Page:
Wednesday, March 13, 2013

10 Outstanding Children's Books Outside of the Top 100

After consulting the NEA Teachers' Top 100 Books for Children and also Scholastic's Top 100 Greatest Books for Kids, I've decided to list my personal top 10 favorites that are outside of the top 100 on either list.

The first would be the book that inspired the title of this blog, The Doorbell Rang. Written and illustrated by Pat Hutchins, this was one of my early childhood favorites.

Here is the rest of my list:

2. The Ox Cart Man by Donald Hall/Illustrated by Barbara Cooney

This book reads like a poem. The story is tender. The illustrations are beautiful.

3. Carl Goes Shopping by Alexandra Day

Of all the "Good Dog, Carl" books, this is my favorite. Wordless picture books are a great tool for kids because they can tell the story and it can become more elaborate as their language develops.

4. Daddy Makes the Best Spaghetti by Anna Grossnickle Hines

I loved this book because the father and child go grocery shopping together, which was a special Saturday ritual for me and my dad when I was little. My dad and I made pancakes, not spaghetti, but it conjured up the same feelings of love.

5. On Beyond Zebra by Dr. Seuss

This is Greg's favorite children's book. We both like the theme of pushing your imagination and not thinking inside of the box.

6. The Great Fuzz Frenzy by Susan Stevens Crummel and Janet Stevens

Besides being able to add prairie dogs to your child's favorite animals, this book is entertaining for adults as well as kids. A tennis ball falls down a prairie dog hole, and comedy and drama ensue!

7.  The Missing Piece Meets the Big O by Shel Silverstein

Teaching children to "roll all by themselves."

8. Eloise by Kay Thompson

Because every child's library needs more books written about spunky girls.

9. Just Being Audrey by Margaret Cardillo /Illustrated by Julia Denos

The more I've learned about Audrey Hepburn, the more I think she's a superb role model for young girls. Also, if you're not familiar with the artwork of Julia Denos, this book will be a real treat!

10. Little House on the Prairie by Laura Ingalls Wilder
Since the Scholastic list included books for older children as well, I felt I needed to add this to my list. I cannot fathom how many afternoons I played in my backyard inspired by the Little House series. I also remember that I would follow along while my parents read these books to me, and as I got older, I would take turns reading the chapters aloud with them. I know that I learned to recognize many words by reading along silently in these books.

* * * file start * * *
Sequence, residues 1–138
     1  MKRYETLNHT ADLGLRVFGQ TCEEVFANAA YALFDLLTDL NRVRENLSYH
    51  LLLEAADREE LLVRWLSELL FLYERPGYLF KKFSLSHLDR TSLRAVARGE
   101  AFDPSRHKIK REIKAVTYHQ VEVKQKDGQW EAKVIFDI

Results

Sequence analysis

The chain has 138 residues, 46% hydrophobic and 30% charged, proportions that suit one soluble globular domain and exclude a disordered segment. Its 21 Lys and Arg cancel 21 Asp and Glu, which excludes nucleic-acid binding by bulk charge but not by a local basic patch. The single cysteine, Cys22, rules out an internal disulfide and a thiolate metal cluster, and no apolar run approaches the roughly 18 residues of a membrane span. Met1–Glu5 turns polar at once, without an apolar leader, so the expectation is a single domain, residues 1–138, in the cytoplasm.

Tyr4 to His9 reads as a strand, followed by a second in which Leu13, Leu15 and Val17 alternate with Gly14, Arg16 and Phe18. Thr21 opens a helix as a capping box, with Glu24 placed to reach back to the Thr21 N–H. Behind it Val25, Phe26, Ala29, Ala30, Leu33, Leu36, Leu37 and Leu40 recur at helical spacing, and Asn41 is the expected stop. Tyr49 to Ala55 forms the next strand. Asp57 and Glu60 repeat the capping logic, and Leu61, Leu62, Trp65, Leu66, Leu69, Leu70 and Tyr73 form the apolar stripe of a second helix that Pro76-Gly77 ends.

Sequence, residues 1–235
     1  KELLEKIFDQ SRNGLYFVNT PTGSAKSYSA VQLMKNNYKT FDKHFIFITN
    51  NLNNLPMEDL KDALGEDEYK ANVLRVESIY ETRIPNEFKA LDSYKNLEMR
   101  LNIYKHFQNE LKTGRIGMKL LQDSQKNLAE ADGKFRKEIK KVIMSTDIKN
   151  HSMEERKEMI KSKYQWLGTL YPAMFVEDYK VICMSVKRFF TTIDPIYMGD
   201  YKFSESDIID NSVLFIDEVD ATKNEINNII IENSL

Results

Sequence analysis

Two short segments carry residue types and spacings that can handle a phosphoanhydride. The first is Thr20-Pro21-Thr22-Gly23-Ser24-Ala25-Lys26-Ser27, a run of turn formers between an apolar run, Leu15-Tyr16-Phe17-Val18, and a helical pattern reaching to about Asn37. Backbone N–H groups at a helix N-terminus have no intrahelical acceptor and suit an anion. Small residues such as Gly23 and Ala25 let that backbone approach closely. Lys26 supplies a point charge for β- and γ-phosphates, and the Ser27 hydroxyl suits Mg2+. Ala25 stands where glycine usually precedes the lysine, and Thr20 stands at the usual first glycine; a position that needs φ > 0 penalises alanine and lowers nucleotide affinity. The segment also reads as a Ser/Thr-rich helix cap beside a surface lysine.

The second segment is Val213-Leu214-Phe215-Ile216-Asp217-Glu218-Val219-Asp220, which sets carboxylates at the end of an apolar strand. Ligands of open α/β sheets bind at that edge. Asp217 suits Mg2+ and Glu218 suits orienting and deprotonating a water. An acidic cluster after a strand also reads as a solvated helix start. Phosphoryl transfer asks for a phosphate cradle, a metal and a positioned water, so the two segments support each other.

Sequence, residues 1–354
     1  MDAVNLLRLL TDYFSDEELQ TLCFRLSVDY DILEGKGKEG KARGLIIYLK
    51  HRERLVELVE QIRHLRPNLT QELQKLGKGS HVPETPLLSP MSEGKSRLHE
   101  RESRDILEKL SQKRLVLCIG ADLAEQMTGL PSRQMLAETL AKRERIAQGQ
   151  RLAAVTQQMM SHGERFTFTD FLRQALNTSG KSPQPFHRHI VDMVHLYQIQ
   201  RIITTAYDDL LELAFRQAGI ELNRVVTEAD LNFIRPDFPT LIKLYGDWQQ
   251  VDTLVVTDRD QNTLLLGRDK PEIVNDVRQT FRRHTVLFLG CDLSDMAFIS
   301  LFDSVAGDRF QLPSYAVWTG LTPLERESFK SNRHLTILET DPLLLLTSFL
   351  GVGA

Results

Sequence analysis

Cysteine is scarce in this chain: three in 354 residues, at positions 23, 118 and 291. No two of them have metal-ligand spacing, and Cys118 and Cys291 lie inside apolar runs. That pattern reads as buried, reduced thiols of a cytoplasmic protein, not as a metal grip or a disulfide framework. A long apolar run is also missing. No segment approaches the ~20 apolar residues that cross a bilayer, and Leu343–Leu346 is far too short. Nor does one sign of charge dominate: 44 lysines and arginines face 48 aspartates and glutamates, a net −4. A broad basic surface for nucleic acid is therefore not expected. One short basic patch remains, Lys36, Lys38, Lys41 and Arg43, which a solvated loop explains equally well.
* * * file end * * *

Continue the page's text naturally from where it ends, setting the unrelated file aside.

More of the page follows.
What are some of your favorite children's books that don't often make the top 100? Or, if you're a parent/educator, what's a current favorite that you predict will make the next edition of these lists?


  1. Most of my favorites are already on the top 100 (The BFG, The Giver, Frindle, Harry Potter, the Phantom Tollbooth, Chrysanthemum, the Giving Tree, the Sneetches, to name a few!)

    A few underrated titles: Matilda (my all-time favorite Roald Dahl book), Hooray for Diffendoofer Day, Where the Red Fern Grows, the Watsons Go to Birmingham

    And one up-and-coming, awesome title: Because of Mr. Terupt. This was on the Virginia Readers' Choice list this year and it is FANTASTIC. I didn't read it to my class (a little mature for 3rd graders), but I loved it. It made me laugh AND cry. A sequel was just published, I hope (but doubt) it will be just as good.

    Ainsley (aka Children's Lit Nerd)

  2. Little House on the Prairie wasn't on the Top 100 list? I'm surprised. That was one of my very favorite series growing up. My parents got me the whole set for Christmas in second grade, and I devoured all 9 books in a matter of weeks. I still have them and re-read them on occasion. Definitely a must for any kid. :)


  3. I loved fairy tales as a kid and one of my favorites was East of the Sun and West of the Moon by Mercer Mayer, as much for the illustrations as for the story. The other book that comes to mind is The Little Snow Girl by Carolyn Croll, it's about a child made out of snow who feels isolated and different but she is transformed by the love of her parents.

    xoxo, Laura

  4. I found your blog through A Cup of Jo and had to comment because The Doorbell Rang was also one of my favorite books (and yes, I thought of it immediately when I saw your blog name). My mom even went on Amazon recently and got a used copy for future grandkids because I loved it so much, and we used to just check it out of the library. She tells me my other favorite book from when I was litttttle was called "Benny Bakes a Cake." (Hmmmm I guess these foreshadowed my love of bake goods!)